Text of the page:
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Indo-European Languages

Balkan Group: Albanian

Austin Simmons and Jonathan Slocum

The exclusive surviving member of the "Balkan" clade is Albanian, a linguistic isolate among Indo-European languages. Three different Paleo-Balkan languages (Illyrian, Thracian, and Dacian) have each been proposed as the ancestor of modern Albanian, hence these four at least might be argued to constitute a "Balkan" family. Exactly how these and other old Balkan languages including Macedonian and perhaps Paionian might be related to Albanian, to each other, and to the Indo-European language family more generally is a much debated topic supported by too little objective evidence (i.e., ancient texts). Yet because these and certain other ancient languages of the Balkans are generally if not provably considered to be Indo-European and somehow related to one another, and because they were geographically clustered, they are grouped for convenient reference.

Albanian's Indo-European ancestry was first suggested in the 1850s, but was not fully established until the early 20th century: Albanian appears exotic against other Indo-European languages because it has suffered great lexical change from the reconstructed parent. The broken history of the Balkans sheds light on the near-total absence of PIE-inherited words and their replacement with loans from Greek, Latin, Slavic, and Turkish over the course of twenty-five centuries. The surviving PIE-inherited words, meanwhile, balance considerable phonological change with striking conservatism, such as the preservation of all three PIE tectal series before front vowels.

We encounter Albanian already much weathered in the earliest preserved texts. Among all major Indo-European families, Albanian has the latest first attestation: the language is first recorded in various 15th century AD marginalia. A mid-16th century missal-book signals the real beginnings of a literature. (N.B. A recently reported discovery could change this picture, but -- until the subject document is scientifically dated, published, and thoroughly analyzed -- the report cannot be considered as more than a rumor. We must ignore rumors, as forgeries of "ancient" documents are not uncommon.)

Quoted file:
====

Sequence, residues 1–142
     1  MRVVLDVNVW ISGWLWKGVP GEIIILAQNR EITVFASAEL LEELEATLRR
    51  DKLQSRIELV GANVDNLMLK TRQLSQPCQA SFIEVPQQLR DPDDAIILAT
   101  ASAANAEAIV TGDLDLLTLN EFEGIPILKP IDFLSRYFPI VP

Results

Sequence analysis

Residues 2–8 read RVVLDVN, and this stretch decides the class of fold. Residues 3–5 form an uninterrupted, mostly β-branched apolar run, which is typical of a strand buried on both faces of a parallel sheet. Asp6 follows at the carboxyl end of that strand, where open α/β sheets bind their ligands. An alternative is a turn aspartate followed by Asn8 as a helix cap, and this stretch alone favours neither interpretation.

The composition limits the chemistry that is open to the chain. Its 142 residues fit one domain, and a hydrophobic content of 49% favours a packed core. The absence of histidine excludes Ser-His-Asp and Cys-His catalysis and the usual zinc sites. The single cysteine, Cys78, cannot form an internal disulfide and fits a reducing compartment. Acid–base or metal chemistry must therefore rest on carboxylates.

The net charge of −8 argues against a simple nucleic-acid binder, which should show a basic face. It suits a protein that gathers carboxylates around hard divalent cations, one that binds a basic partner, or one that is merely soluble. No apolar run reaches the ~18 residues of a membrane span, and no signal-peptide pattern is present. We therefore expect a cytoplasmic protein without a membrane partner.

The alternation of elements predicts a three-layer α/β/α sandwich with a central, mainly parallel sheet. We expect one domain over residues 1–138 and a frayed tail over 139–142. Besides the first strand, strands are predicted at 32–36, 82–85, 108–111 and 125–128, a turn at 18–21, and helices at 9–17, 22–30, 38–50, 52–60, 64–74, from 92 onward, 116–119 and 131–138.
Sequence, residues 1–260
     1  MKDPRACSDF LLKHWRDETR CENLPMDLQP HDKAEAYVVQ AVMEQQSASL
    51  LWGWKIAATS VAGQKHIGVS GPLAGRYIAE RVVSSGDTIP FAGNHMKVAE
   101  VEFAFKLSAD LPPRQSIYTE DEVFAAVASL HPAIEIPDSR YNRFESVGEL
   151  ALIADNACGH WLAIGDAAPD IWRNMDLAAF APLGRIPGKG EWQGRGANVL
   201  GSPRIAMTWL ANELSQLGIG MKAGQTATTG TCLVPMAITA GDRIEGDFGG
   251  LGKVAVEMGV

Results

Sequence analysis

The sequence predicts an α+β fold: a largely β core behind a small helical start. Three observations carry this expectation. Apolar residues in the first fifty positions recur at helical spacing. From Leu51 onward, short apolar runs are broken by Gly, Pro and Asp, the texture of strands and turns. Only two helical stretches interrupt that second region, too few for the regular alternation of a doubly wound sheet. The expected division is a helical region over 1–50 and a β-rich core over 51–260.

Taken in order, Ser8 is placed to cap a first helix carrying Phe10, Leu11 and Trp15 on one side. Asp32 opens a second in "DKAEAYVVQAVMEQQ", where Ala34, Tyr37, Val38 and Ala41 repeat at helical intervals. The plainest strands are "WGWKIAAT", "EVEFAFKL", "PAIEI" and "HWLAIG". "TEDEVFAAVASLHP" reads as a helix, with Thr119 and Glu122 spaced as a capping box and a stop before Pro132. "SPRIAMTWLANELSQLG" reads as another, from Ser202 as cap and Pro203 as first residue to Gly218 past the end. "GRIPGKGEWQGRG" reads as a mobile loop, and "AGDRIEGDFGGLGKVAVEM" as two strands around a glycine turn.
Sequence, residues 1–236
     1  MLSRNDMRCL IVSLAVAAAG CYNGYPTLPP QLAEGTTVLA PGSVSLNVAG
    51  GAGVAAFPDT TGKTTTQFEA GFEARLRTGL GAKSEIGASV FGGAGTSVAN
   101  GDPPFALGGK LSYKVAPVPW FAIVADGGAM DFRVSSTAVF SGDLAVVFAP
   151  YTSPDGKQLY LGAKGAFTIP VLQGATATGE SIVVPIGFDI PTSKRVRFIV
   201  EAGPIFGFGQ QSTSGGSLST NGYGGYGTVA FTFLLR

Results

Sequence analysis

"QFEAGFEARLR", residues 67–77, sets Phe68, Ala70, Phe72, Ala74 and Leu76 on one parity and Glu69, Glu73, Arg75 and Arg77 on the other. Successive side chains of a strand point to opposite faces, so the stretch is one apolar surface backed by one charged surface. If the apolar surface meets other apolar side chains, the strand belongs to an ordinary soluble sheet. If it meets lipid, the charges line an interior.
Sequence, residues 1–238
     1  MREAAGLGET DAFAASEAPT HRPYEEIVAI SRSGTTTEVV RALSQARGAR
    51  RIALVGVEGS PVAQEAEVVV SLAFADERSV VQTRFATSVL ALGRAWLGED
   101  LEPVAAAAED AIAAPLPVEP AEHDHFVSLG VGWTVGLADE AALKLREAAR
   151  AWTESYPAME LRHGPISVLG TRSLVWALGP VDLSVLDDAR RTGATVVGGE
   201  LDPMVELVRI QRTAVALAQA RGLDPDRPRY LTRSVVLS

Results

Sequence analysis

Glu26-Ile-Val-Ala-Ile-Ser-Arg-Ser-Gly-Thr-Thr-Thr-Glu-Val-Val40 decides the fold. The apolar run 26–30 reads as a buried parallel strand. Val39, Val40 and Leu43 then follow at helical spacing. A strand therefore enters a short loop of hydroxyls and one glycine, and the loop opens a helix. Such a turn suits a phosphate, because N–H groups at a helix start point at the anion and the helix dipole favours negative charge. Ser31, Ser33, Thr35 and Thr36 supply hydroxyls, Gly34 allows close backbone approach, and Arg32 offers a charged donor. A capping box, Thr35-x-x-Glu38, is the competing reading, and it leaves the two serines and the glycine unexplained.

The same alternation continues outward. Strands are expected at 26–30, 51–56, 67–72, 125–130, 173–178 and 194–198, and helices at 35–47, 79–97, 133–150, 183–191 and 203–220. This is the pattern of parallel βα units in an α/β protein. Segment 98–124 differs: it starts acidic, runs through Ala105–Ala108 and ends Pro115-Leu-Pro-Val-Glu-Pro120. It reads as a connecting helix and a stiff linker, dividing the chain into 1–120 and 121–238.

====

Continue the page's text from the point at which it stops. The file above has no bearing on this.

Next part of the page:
What is collectively called Albanian actually comprises two dialects, Gheg and Tosk, thought to have split from a common Albanian stock some 1500 years ago. Respecting their geography, the River Shkumbin serves as a rough latitudinal divide with Gheg to the north (widely spoken in Serbia and Montenegro, less in Albania and Macedonia) and Tosk to the south (primarily spoken in Albania, but also by diaspora populations in Greece and Turkey). The Orthodox Christian literature of the 1600s helped to establish Gheg as the Albanian written standard for three and a half centuries, until the stark reversal of this situation in the aftermath of World War II when Tosk-speaking Communists consolidated their power over the region. Gheg speakers were displaced and marginalized, and so remain; Tosk went on to become Albania's language of government, media, education, and literature.

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